Purushu Arie: breaking stereotypes on Indian fashion scene

When it comes to fashion, there’s a little country of 1,2 billion souls which is very often forgotten in Western media: India. We had a chance to catch up with one of its most prominent digital figures, Purushu Arie.

purushu

When did you start blogging and why?

I started blogging in 2008, when I joined NIFT, New Delhi to pursue graduation in fashion design. The idea was to create a scrapbook where I could write about anything that inspired me as a fashion design student which includes runway collections, quirky design elements, illustrations, photography and my own creations.

Purushu design collection

An image that I posted in one of my most recent blogpost is taken from my graduate design collection at NIFT New Delhi. The garment denotes the change in Indian costume history after the British raj invasion. The visual portrays a traditional Indian sari that transforms into a notch collared top in the runway.

India is definitely rising on the global fashion scene. In the meantime, in Europe or in the US, a lot of media associate India to sweatshops: what do you think?

As a part of my learning experience, I have visited many small-scale industries and factories in various textile manufacturing hubs in India. At least, I personally haven’t encountered any of those extremely hazardous environment or human rights violation as it’s reported in the media.
But the biggest problem that we’re still facing is child labor. Many children from the age of eight and above are still seen working in small-scale textile industries. But when you interact with the kids, you get to hear the other side of the story. Most of these underage-labor belong to extremely down trodden families and they are left with no choice but to work in order to fulfill their basic necessities of foot-shelter-and-clothing. The children I interacted were clear that they are left with no other choice, but to work in order to support themselves and their families. Most of them optimistically call it as their way of learning & receiving formal training. It amused me to see young children operate looms with such ease and expertise and have more knowledge about textiles and manufacturing process than we students did in spite of receiving formal training from the nation’s most prestigious fashion school.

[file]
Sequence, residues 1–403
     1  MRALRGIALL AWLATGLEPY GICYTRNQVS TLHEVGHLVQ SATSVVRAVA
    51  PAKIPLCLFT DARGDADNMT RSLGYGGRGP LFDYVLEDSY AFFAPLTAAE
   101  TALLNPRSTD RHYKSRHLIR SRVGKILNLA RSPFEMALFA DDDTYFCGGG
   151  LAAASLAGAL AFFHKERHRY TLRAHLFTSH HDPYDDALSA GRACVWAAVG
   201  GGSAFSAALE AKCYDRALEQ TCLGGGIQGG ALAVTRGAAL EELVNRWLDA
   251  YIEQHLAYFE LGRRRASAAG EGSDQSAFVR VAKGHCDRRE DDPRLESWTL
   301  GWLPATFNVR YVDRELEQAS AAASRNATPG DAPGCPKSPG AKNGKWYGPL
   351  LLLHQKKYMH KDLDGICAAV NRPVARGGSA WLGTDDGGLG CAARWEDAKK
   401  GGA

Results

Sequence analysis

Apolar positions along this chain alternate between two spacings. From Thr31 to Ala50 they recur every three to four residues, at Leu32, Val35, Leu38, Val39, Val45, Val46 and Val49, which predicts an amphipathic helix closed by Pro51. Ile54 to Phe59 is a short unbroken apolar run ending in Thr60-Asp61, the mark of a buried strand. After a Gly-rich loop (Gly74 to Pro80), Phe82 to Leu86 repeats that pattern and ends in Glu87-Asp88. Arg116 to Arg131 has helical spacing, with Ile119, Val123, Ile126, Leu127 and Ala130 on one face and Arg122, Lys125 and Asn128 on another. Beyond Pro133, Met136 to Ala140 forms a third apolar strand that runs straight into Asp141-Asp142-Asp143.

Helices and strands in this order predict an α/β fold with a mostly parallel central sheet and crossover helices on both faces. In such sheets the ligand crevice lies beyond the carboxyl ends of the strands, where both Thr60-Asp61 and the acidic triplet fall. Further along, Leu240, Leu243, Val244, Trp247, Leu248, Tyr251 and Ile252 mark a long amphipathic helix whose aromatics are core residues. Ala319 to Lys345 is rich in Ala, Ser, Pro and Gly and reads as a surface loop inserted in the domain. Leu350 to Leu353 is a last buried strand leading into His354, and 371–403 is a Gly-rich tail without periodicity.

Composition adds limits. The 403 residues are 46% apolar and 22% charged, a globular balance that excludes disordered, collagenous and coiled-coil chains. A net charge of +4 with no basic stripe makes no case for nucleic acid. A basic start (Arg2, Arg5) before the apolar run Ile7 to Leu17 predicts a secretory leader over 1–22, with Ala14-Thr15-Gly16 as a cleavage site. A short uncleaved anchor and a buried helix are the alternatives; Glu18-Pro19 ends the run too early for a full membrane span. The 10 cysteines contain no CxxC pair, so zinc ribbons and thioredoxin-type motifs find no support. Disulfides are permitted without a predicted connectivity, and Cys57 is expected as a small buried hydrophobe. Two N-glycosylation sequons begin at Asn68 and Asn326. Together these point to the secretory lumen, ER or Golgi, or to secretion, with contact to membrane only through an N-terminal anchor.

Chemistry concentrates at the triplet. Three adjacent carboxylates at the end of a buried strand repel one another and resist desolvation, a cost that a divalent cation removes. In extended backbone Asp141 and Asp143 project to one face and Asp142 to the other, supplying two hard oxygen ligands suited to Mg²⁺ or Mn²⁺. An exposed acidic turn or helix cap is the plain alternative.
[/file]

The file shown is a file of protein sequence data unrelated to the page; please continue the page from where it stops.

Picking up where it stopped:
Benaras child labor

If asked to make a choice between working to earn their basic necessities or attend schools to have formal education, I won’t be surprised if most of these downtrodden kids will choose to work, as it’s happening now. Sometimes, things are beyond anyone’s reach and what’s even worse was that I couldn’t even disagree these kids.

Benaras children developing motifs

The Indian textile industry offers employment to over 35million people in the country with 10-16% of share on total exports. While we have our own strengths to boast about, the sweatshop-working-environment has been a major problem that our textile ministry is presently tackling. With constantly dropping poverty rate, stricter laws and awareness created by NGOs and media, the situation is improving faster than ever before.

“Fashion can change the world”: do you agree?

Fashion is a way of life, which constantly changes with the changing world & society. Various socio-political factors have affected fashion throughout the history and will continue to do so. I am not very sure which statement is right, ‘fashion CAN change the world’ or ‘fashion changes WITH the world’, for all I am sure about is that the change is necessary for us to be a progressive race.

What are the fashion brands or blogs from India that we should follow?

While the Indian retail formats are still emerging and will take time to level the likes of H&M and Zara, the fashion designers here have made us proud by reinventing forgotten traditions & customs. Apart from celebrated fashion designers like Manish Arora, young designers such as Arjun Saluja, Annaikka, Kallol Datta, Anand Bhushan and Rimzim Dadu offer quirky designs which are unique and targeted at the modern Indian society.
Two of the most favorite Indian fashion blogs at the moment-

Personal Style: Akanksha Redhu
Opinion: The Picky C

What can we wish you?

Hmm…Wish me luck for something big that I am working on presently! Yes, you’ll hear about it in future 😀

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